Dr. Erica Brown is one of the foremost Jewish educators of our time. In In the Narrow Places, she brings her extraordinary teaching skills to the subject of the Three Weeks, the period of mourning commemorating the destruction of the First and Second Temples. For each day of the Three Weeks, she presents a short, inspirational essay based on biblical texts followed by a kavana a spiritual focus that involves reflection, imagination or action to transform these somber days of remembrance into a period of introspection and spiritual growth. Alongside the traditional prophecies of doom and consolation traditionally read during the Three Weeks, In the Narrow Places offers a new process for rebuilding and a re-affirmation of hope.
Abridged from the four-volume "The Passion of al-Hallaj, " one of the major works of Western orientalism, this book explores the life and teaching of a famous tenth-century Sufi mystic and martyr, and in so doing describes not only his experience but also the whole milieu of early Islamic civilization. Louis Massignon (1883-1962), France's most celebrated Islamic specialist in this century and a leading Catholic intellectual, wrote of a man who was for him a personal inspiration.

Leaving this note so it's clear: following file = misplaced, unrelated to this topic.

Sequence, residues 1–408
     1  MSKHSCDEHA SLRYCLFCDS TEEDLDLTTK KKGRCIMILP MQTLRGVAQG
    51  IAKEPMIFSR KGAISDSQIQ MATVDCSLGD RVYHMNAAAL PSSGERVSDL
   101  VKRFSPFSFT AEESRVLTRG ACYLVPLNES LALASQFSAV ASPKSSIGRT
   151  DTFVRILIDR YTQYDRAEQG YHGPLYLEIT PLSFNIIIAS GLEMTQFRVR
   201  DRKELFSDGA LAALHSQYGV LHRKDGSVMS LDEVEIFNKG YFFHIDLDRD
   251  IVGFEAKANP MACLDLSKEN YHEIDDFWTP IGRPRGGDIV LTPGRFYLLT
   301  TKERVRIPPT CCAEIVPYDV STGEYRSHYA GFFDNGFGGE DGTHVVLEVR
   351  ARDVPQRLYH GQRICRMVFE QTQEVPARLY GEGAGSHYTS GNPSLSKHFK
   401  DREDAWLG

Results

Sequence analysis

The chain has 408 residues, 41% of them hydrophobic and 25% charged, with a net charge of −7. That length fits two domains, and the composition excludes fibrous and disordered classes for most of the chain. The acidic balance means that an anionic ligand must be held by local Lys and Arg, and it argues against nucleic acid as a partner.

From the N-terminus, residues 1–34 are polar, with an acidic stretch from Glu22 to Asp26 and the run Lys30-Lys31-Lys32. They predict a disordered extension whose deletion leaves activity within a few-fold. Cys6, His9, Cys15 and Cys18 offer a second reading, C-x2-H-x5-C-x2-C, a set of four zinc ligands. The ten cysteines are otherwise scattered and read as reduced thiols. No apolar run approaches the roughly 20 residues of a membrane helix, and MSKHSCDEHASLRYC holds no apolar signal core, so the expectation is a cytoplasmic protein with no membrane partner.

From reviews of the four-volume translation:
A Profound and Stirring Call to Action in Our Troubled World from One of America's Great Religious Leaders
"Conscience may be understood as the hidden inner compass that guides our lives and must be searched for and recovered repeatedly. At no time more than our own is this need to retrieve the shards of broken conscience more urgent." from the Introduction
This clarion call to rethink our moral and political behavior examines the idea of conscience and the role conscience plays in our relationships to government, law, ethics, religion, human nature and God and to each other. From Abraham to Abu Ghraib, from the dissenting prophets to Darfur, Rabbi Harold Schulweis probes history, the Bible and the works of contemporary thinkers for ideas about both critical disobedience and uncritical obedience. He illuminates the potential for evil and the potential for good that rests within us as individuals and as a society.